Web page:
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LEGO Harry Potter Preview

By Jeff Buckland, 4/9/2010

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It's starting to get to the point that any big kid-friendly franchise might just wind up in the hands of TT Games for a LEGO makeover video game. Some are a little sick of it by now, and many felt that LEGO Rock Band played a significant part in people getting sick of all the music games released in 2009. But it's difficult to fault TT specifically, as they are able to continually find great ways to combine LEGO and fun franchises in new ways. Their latest effort is in the upcoming LEGO Harry Potter, which if you think about it for a minute, was pretty much just the next logical choice for their signature crossover game series.

I've tried a couple of the Harry Potter games before, and let's face it: they were the bare minimum effort, made by half-decent-at-best studios, rushed out the door just in time for a simultaneous release alongside a movie. But this time, it's TT Games, and they're not screwing around. The first four movies are covered here in the game, so generally we see really just the best moments and the most LEGO-izable visuals from the films, but the effect works great.

From the little puzzles and secrets in Diagon Alley to the different abilities the characters have (early on, Harry struggles with magic but is good on a broom, while Hermione is pretty much the opposite), this game simply makes sense. Controlling tons of different characters is always fun in these LEGO crossover games, and that's a definite big part of this, but so much of the charm of J.K. Rowling's universe lends itself to the process so perfectly. In some levels, you'll use your wand and a Wingardium Leviosa spell to manually move LEGO blocks to build a staircase (and yes, on the Wii you'll get to aim the remote), and others you'll get platforming puzzles that use Rowling's lighthearted take on magic in order to find a way up to a high platform. And in all of this, the drop in/out cooperative play is smooth as butter, allowing a second player to take control of one of the characters at any time for as long as he or she cares to.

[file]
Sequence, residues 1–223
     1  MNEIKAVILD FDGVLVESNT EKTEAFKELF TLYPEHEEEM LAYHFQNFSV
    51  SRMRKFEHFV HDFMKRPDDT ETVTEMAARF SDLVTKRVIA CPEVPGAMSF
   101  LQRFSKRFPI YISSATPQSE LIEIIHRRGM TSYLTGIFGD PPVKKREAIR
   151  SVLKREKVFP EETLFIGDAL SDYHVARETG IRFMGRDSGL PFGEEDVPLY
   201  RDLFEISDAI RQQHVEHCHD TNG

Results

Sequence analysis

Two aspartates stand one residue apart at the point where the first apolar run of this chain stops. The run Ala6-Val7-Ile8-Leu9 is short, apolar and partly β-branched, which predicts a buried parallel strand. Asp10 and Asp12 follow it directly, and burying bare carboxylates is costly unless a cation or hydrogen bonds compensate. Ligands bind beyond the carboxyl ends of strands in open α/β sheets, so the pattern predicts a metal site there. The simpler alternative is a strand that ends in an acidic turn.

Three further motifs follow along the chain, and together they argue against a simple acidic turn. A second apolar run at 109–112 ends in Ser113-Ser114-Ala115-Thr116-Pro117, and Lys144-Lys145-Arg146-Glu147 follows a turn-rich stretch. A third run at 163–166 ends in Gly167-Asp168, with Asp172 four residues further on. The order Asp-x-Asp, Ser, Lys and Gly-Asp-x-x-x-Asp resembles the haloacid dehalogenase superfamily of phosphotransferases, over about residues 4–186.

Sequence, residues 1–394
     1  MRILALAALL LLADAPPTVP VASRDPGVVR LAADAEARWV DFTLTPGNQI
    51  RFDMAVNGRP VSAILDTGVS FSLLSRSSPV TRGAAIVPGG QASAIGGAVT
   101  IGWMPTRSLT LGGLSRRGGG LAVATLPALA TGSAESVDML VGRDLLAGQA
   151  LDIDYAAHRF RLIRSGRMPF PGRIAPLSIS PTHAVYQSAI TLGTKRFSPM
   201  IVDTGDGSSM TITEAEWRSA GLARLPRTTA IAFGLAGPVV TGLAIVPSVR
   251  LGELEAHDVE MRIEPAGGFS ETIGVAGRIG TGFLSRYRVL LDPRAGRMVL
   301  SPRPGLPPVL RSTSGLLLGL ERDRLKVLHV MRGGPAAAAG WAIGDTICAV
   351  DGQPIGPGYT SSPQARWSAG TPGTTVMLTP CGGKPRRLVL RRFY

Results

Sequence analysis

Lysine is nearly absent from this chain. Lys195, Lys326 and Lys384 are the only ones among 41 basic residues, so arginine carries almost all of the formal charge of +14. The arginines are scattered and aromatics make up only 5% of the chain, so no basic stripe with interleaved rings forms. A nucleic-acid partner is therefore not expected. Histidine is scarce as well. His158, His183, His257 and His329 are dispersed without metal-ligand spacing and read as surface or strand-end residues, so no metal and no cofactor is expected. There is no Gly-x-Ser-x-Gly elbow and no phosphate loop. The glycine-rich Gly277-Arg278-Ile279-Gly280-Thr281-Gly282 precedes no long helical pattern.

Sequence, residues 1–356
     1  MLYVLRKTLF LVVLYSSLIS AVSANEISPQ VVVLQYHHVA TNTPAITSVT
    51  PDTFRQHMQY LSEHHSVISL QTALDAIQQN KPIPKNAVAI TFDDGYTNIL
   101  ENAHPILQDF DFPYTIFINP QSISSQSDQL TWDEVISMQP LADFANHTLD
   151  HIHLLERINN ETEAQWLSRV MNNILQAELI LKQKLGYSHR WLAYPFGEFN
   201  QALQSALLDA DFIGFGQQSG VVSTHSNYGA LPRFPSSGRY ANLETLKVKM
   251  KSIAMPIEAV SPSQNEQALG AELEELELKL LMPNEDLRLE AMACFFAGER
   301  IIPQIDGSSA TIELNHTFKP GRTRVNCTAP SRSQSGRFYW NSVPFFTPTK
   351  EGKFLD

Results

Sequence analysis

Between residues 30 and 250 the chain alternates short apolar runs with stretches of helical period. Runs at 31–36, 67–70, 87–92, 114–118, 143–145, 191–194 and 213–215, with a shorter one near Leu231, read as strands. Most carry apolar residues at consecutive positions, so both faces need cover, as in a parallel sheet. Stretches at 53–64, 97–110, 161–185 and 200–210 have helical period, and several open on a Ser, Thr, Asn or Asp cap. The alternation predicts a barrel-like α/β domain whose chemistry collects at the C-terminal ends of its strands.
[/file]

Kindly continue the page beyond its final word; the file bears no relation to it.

LEGO Harry Potter includes the first book's fantastic introduction and a very charming rendition of Hogwart's, so it seems like a pretty solid structure for a game to have the school be your main hub for the full game. It takes place entirely in chronological order with new rooms and areas of the school opening as you learn spells and become more powerful, and while characters can ride brooms in some sections, there isn't quite a full Quidditch match going on for you to participate in. There will be a ton of secrets to find by way of experimenting with spells and the thousands of objects in the world, and with the 200+ gold bricks that can be found will unlock all kinds of hidden content - including new playable characters.

For someone like me who missed the second LEGO Indiana Jones game (hey, blame the mediocre fourth movie for my fatigue for all things Indy), there have been a few upgrades since you might have seen one of TT's games. One of my favorites is the new dynamic same/split-screen system which allows two players to be on the same screen whenever they're close together, but are allowed to roam freely as the camera will split into two and shift seamlessly to show the two players' views separately. The angle of the split-screen "break" also makes it easy for a player to understand where the other one is in the world without fumbling around. It's a fantastic system that I think more games like this should be copying, as it's simply superior to anything like it that I've seen.

Of course, delivering advanced split-screen technology is easier if you're not trying to also push out cutting-edge graphics in the first place, and while LEGO Harry Potter is no slouch in the art department and can still show a pretty damn good amount of detail, it's not going to be winning any awards for achievement in graphics. The art style is probably just like you'd expect from TT Games, but so many little touches have been added, it'd be impossible to sit down and list them all - plus, it's better to experience them in the game and be surprised by them as you go.

So while I haven't done any LEGO gaming in a while and I haven't been the biggest fan of the Harry Potter series for a few years now, it looks like it will be a total blast to bust out a second controller and cruise through this game with a friend. It won't be exceedingly difficult or particularly hard hitting, but it sure looks like a ton of fun, and that's why we play, right? LEGO Harry Potter is set for release on Xbox 360, Wii, PS3, PSP, DS, and the PC in May.



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